“Resurrection of the Daleks” has a history of delays. Initially commissioned to celebrate Doctor Who‘s twentieth anniversary, the serial was delayed until season twenty-one. Then the Target adaptation of the serial was long-delayed over rights issues.
Finally after thirty-plus years, “Resurrection of the Daleks” has finally hit shelves. And now, the biggest question facing us is, was it worth the wait?
Yes and no.
If you’re a completist, finally hoping to fill in a gap in your Target book collection, you’re one step closer to having the full set. But if you were hoping for a novelization worthy of a thirty-plus year wait, odds are you’re going to be a bit disappointed.
In an interview, Saward said that he had a difficult time dusting off his Target novel writing skills for this one — and it shows. The serial already boasts the highest body count of any classic Doctor Who story and that fact is only underlined. On-screen, many of the characters marching off to be exterminated at the hands of various factions were nameless victims. Here, Saward is able to give them names and a bit of backstory, making the story even more grim as you realize just how high the body count really is.
It’s not helped by Douglas-Adams-like digressions that undermine the story’s dramatic tension and don’t really serve a purpose. Listening to the audio release of “Resurrection,” I was struck in particular by one passage that details the interior of the TARDIS room-by-room, up to and including details on which three movies the Doctor keeps on rotation in the TARDIS media room. All this takes place while the Doctor and Stein are traveling up the time corridor to face the Daleks. It makes the novel feel a bit disjointed at times and like Saward is padding things out a bit to up the page count.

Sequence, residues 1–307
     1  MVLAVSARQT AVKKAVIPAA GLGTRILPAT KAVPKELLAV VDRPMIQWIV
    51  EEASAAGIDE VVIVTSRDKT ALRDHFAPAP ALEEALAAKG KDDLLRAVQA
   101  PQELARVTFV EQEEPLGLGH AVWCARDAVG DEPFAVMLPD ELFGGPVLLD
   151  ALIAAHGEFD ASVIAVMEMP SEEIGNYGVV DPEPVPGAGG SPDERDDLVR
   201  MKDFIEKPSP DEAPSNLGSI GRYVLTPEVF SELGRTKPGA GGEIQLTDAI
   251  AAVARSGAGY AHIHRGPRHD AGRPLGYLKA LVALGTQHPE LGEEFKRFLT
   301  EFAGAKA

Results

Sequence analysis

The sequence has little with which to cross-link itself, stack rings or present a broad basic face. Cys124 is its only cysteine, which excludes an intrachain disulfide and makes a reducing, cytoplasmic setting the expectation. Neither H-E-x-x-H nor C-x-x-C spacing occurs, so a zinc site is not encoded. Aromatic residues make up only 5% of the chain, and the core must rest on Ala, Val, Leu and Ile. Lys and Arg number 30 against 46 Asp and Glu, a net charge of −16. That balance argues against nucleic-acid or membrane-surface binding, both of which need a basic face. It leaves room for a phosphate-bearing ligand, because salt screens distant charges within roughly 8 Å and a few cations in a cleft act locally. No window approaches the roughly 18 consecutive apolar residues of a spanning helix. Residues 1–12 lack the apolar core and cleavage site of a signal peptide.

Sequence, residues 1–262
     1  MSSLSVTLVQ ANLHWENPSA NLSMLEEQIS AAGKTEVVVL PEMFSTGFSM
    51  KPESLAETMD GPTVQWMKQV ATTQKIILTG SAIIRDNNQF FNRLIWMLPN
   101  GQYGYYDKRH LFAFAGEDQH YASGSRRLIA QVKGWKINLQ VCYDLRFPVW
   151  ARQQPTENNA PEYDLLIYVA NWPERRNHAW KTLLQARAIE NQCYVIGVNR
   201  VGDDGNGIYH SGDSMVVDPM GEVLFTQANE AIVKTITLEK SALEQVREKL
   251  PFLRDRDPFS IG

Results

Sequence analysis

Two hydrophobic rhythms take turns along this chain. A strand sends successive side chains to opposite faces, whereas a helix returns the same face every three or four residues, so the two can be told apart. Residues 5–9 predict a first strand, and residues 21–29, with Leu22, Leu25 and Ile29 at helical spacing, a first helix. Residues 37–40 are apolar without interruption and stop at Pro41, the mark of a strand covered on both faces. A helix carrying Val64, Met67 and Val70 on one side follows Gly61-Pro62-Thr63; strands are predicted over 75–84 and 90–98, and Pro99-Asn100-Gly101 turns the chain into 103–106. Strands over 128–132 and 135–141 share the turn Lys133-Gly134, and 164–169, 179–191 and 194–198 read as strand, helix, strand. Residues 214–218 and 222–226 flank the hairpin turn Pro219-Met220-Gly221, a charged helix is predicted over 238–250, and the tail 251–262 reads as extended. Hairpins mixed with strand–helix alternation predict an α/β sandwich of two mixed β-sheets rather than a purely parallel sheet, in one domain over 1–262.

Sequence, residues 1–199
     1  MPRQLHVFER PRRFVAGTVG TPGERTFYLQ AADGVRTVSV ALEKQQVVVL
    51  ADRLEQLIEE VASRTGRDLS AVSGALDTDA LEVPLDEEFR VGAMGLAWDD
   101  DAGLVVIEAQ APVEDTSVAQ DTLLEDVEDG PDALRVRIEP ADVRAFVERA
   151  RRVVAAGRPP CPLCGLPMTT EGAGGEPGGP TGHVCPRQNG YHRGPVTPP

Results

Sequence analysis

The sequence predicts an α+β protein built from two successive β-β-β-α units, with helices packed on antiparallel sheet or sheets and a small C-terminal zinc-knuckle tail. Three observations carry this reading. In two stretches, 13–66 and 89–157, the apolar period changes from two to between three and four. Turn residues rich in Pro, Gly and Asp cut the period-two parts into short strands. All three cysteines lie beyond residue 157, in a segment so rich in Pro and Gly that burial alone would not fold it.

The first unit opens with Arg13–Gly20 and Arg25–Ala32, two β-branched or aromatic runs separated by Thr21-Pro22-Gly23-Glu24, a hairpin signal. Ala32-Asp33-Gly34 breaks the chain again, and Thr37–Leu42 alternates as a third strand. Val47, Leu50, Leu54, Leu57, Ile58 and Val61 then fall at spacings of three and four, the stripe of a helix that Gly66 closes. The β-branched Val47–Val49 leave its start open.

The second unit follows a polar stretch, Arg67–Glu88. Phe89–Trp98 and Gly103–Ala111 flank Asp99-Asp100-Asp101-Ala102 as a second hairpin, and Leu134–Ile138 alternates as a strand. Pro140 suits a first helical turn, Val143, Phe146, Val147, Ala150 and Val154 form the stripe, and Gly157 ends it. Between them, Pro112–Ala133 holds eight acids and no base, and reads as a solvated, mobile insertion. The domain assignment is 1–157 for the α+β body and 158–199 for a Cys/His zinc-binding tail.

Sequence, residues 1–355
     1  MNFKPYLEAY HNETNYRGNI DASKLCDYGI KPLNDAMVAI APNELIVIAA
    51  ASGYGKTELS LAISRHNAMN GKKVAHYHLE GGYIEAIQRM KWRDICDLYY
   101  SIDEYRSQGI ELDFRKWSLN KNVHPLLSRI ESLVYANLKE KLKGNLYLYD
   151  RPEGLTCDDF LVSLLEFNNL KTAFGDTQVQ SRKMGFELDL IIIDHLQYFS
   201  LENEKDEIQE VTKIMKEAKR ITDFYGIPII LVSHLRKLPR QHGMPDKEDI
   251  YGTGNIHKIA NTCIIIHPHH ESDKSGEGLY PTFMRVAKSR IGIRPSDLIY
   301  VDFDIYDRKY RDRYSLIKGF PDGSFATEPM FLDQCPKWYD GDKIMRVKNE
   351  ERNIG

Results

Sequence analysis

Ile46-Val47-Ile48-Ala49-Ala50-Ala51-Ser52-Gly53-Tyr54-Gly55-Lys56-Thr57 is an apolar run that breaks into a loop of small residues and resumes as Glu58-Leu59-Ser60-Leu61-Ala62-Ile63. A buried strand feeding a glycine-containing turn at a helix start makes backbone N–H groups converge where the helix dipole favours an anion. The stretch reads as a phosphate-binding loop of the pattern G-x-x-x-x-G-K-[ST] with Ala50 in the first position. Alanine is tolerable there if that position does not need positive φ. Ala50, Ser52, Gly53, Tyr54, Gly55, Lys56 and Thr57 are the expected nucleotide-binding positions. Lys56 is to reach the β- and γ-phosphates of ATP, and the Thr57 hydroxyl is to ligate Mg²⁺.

“Resurrection” is a story that’s got an excess of plot, including no less than a Dalek plot to take over Gallifrey, using Davros to cure a Movellan-created virus that nearly wiped them out, and (maybe) a plot to infiltrate and conquer the governments of Earth. With the novelization, I had hoped Saward might give some depth to these plots or at least try to make them all make a bit more sense. Alas, that isn’t the case with Saward instead translating what we saw on screen to the page without taking the opportunity to expand things a bit. It wouldn’t be quite as glaring if we hadn’t had a couple of novels from the fourth Doctor era that got a higher page count, expanding the stories and giving us something more than just transcribing the story to the printed page with few embellishments.
That isn’t to say Saward doesn’t try. He includes some Easter eggs in there for classic fans (though his reliance on name-dropping the Terraleptils wears thin after a while) and, of course, he includes details on Adric’s death and the Doctor’s guilt over that as well (though to be honest, that was done better in his adaptation of “The Twin Dilemma.”)
After thirty years of waiting, “Resurrection of the Daleks” could and should have been better than this.